Not like that’s a excuse for the woeful Washington defense, however. They’ve now given up 31 points in consecutive games, which sets a nice bar for Carson Wentz and Co. on Sunday.

What It Means: For the second week in a row, Washington failed the test, and while I don’t remember too much from High School, I imagine there's only so many times you can retake an exam. 

The Cardinals are a good and desperate team playing at home; there's no shame in going down swinging. However this is the second week in a row Washington fans have to build themselves up over the positives to take from defeat. To make something happen from a wild card spot, Dan Snyder’s squad will need to win games on the road against tough opponents. The past two weeks, they didn’t, and it’s fair to wonder if we’ve seen this team’s ceiling.

What’s Next: A trip to Philly where the Eagles have been hard to beat this year. Let’s not forget; the Birds playoff chances were denied the past two seasons by this very Washington squad. In a season suddenly lacking in joyous victories, a W on Sunday would feel phenomenal. 

 

New York Giants

What Happened: Like Washington, the Giants faced a real test on Sunday, and like Washington, the Giants failed miserably. New York was never really in this one, falling behind 14-0 to Pittsburgh in the first half and never bringing it within a score again. Eli Manning threw a pair of interceptions, both in the redzone, though in his defense one of them was on a fourth-and-13 and the Giants were already way behind because of how terrible Eli had been earlier in the afternoon. So, in theory, not fully his fault there.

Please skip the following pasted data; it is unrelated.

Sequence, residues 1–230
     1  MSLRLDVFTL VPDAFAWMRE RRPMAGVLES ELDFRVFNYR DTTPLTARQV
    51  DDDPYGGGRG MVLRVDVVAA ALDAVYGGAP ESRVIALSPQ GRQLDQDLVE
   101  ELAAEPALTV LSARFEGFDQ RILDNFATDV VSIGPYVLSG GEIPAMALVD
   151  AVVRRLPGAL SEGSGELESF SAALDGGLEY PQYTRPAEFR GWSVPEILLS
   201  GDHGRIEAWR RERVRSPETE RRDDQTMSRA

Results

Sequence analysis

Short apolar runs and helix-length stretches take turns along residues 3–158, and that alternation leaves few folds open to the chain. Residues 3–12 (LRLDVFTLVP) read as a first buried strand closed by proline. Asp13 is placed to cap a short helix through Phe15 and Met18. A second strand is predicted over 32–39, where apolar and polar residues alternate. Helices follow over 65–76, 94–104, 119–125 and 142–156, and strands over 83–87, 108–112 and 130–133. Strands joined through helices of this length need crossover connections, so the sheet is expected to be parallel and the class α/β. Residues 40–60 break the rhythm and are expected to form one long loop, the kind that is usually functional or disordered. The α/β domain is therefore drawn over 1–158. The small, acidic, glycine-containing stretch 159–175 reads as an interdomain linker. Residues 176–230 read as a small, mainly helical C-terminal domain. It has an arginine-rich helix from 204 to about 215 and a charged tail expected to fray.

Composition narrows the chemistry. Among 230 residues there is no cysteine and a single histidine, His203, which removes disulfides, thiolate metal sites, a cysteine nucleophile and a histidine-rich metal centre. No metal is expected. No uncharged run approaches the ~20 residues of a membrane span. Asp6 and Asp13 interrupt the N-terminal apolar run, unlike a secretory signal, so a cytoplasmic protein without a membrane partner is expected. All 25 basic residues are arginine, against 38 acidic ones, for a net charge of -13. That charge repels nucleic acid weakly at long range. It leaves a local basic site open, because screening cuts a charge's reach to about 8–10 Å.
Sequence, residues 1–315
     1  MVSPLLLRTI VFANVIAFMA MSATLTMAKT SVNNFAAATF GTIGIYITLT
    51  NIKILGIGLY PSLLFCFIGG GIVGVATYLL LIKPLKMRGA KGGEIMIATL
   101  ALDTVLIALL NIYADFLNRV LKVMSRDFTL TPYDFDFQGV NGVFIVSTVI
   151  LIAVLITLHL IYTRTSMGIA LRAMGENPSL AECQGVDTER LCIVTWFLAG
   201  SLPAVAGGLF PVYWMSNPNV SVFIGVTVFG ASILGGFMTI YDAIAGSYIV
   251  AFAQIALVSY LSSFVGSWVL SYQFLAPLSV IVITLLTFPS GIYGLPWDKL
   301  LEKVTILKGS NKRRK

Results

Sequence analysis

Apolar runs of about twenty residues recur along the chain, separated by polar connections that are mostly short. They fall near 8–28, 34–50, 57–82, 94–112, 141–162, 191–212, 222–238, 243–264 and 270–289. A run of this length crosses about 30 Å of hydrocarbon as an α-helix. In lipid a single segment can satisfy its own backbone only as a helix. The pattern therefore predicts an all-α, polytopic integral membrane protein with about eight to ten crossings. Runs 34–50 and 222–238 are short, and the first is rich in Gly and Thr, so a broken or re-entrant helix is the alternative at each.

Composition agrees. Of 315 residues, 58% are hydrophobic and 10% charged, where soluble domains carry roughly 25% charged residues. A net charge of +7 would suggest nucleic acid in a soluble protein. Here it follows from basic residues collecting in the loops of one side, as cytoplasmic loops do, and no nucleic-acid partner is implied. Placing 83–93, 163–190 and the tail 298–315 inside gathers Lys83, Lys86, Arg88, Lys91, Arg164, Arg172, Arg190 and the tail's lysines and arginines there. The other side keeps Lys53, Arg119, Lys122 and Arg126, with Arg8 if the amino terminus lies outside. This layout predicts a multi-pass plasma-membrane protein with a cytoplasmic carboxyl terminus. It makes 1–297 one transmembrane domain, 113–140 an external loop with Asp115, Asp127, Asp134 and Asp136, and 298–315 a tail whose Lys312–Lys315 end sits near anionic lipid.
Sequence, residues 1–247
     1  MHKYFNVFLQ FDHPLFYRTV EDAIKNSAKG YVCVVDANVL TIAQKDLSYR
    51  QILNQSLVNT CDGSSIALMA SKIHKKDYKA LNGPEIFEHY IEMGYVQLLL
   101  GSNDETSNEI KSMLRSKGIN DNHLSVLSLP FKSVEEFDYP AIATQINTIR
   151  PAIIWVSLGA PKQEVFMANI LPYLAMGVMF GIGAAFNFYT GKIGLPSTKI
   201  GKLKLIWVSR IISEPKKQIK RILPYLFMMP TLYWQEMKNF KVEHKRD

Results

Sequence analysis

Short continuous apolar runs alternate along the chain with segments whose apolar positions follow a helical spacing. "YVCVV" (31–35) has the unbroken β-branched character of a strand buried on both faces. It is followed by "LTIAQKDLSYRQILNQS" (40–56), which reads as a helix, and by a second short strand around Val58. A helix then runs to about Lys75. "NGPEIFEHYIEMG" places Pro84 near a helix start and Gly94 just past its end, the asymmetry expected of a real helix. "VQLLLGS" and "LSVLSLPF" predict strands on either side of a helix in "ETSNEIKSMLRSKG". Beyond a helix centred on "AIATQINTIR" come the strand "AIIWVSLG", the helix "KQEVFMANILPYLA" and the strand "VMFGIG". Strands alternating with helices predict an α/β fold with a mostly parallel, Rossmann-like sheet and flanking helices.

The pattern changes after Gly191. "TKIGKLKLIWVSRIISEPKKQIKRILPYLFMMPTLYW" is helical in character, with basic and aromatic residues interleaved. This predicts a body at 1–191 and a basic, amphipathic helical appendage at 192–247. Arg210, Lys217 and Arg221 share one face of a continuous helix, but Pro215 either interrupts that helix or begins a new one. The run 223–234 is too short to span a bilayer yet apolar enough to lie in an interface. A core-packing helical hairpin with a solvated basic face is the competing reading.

Oh, and did Odell Beckham say something silly? But of course! The Giants headline-creating wide receiver had a number of complaints against the officiating on Sunday, saying it felt like it was “us against the world.”

The Giants were called for four penalties on the day, while the Steelers were called for twelve. Beckham’s claims that the refs made it “the Giants against the world” has as much base in reality as the theory climate change is caused by bullfrogs spending too much time in the rain. This man is like a living, breathing, fake-news site. But no, LETS BLAME THE REFS.

What It Means: At 8-4, the Giants would need a lot of things to go wrong to miss out on a Wild Card spot. Tampa, Minnesota, Green Bay --- all three are two games behind Big Blue. With just four games remaining, that’s a lead even Willie Randolph feels safe with.

That being said, the Giants final four games are all against playoff teams (oh, and also the regressing Eagles), so in order to cement their spot in the postseason, New York will have to do something they haven’t done since Week 6: beat a team over .500.

What’s Next: It’s Dallas Week for the Giants, so what else could matter? Sweeping the season series against the team with the best record in the NFL would go a long way towards preparing this team mentally for the playoffs.